What I Learned As Monty Moose

January 1, 2011

Leadership


Monty looks exactly like his profile photo: he is a small stuffed moose who is a fan of the Montreal Canadians, Tim Horton’s coffee, and loves making new friends.  Monty is also the official mascot of MEETin Montreal and as the City Lead for 2010, I had the opportunity to have some fun with Monty being my alter ego.  As I transition the group to the new City Lead for 2011, I have been thinking about my time leading a 100% volunteer organization and what the experience has taught me.

The first rule of MEETin is to be polite and courteous to everyone.  While it’s not difficult to do as an individual, it’s a whole different story being responsible for ensuring dozens of individuals at events and in the online community respect that rule.   A social organization open to everyone means that the only thing each person has in common is that they want to meet new people but the reasons can be very different.  In Montreal we have the additional challenge of being a multilingual and multicultural city with French and English in the majority, but neither are the first or even second language for some of our members.  These conditions alone truly make the group exciting and it’s what I love best about being involved.  However, no one is meant to like everyone and these or other differences can lead to conflicts.  With a group of over 700 members, a conflict is bound to happen at least once in a year.  I was thankful to have had professional management experience under my belt when dealing with conflicts.  I was also grateful to have two trusted advisers in the group I could turn to for support.  For anyone thinking of leading a volunteer organization, I highly recommend developing a trusted support system. Also, if you don’t have a lot of management experience, I suggest reading up or getting training on conflict mediation and dealing with inappropriate behaviour – before it happens.

All groups need energy and motivation from the leader.  For volunteer organizations, this is even more critical.  Everyone is there to have some fun while contributing to the larger community.  Everyone has busy lives and will move on if the volunteering starts to feel too much like work.   In addition, it’s only natural that long time members and volunteers will go off to do new things so there is a constant need to get new people involved.  As a result, my role was to continuously encourage new people to get involved, to keep the event calendar, website and social networking outlets active with a variety of activities, and to recognize and appreciate the efforts made by all volunteers.  Every activity or new initiative had to be simple, easy, inexpensive and fun.  This takes a lot of creativity and energy and isn’t always easy.  I did the best I could and I am happy with the results.  The group added six new volunteers and retained all existing volunteers, except for a few who either moved away or had another significant change in their lives.

No matter how well prepared I thought I was, the time commitment was still more than I had expected.   The previous City Lead had completely convinced me that the time commitment was minimal and it would be easy to fit my new responsibilities into my already busy schedule.  Well, I quickly figured out that she was either really good at marketing or just super organized, which was more the case.  I had to develop and adjust to a new routine and then figure out how to make that routine more efficient for myself.  It also reinforced the importance of getting more volunteers involved to share the work.  More people collaborating means more energy and more ideas and less of a time burden for any individual.  I loved when the volunteer who proofread our weekly newsletter added her own voice or when an event planner found a great place for an event and we collaborated on the monthly Meet and Greet.  I appreciated the engagement from the volunteers and it gave me a bit of a break.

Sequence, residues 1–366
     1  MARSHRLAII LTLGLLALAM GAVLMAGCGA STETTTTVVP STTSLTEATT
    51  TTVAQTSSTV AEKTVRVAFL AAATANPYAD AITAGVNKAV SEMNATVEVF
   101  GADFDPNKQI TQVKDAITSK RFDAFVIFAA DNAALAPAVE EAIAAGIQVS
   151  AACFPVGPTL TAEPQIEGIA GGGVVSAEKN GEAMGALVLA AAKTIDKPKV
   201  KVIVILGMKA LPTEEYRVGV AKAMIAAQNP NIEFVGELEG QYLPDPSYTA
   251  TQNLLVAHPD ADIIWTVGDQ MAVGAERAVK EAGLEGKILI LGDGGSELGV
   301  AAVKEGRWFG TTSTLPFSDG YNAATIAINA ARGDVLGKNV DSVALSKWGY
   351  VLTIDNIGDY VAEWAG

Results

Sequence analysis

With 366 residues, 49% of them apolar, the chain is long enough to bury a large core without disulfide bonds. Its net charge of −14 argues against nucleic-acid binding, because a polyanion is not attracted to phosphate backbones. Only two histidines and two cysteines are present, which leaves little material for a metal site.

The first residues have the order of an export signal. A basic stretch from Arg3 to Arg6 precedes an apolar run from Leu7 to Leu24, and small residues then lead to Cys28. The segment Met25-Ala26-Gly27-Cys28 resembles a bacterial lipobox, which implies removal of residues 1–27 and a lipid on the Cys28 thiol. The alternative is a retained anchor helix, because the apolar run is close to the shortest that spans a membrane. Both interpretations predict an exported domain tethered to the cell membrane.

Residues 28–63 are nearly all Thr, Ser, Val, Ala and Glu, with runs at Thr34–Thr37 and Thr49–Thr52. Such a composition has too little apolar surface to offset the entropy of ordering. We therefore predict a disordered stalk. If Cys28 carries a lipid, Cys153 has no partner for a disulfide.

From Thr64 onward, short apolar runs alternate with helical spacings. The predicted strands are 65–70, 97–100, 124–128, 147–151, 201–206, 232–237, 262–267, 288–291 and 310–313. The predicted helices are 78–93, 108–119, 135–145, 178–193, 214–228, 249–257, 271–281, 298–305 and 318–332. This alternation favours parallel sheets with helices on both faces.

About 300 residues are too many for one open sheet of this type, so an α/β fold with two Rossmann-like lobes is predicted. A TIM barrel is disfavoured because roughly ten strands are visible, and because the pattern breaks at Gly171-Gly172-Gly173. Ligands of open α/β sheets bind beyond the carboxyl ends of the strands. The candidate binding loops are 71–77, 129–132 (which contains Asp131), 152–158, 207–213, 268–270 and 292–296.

The most important lesson for me is that being a volunteer, no matter the role, develops useful skills for work.  Everything I discussed above happens at work and the advice also applies.  While pay cheques, status and corporate culture are clear factors in the business world, as leaders and employees we always have to remember that we all have a choice.  We choose to stay with a company, to be supportive to our colleagues, to be engaged in the business, to figure out how to do things better for ourselves and the people around us.    Volunteering with an organization meaningful to you, in your community,  can help you find that spirit within yourself and maybe even inspire you to find it at work.  If you have not volunteered before, I encourage you to give it a try in 2011.  If you are already a volunteer, then I want to thank you.  You are making a difference in your communities and it is appreciated.  Every now and then remember to take a break and take on a new role of encouraging new people to get involved.  It’s worth it.

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About Liza Wood

Throughout my career, I have consistently joined companies on the verge of explosive growth and change. From these experiences, I have developed a human, collaborative, and pragmatic leadership style. I would like to share that point of view, along with my experiences, on this blog. Join me on Facebook!

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2 Comments on “What I Learned As Monty Moose”

  1. Mary Says:

    Thanks for this insight to the ever growing job of lead of a MEETin city. I am/was the lead in TO, and we are sinking very quickly. I am hoping that some new blood will come and rescue us soon!

    Reply

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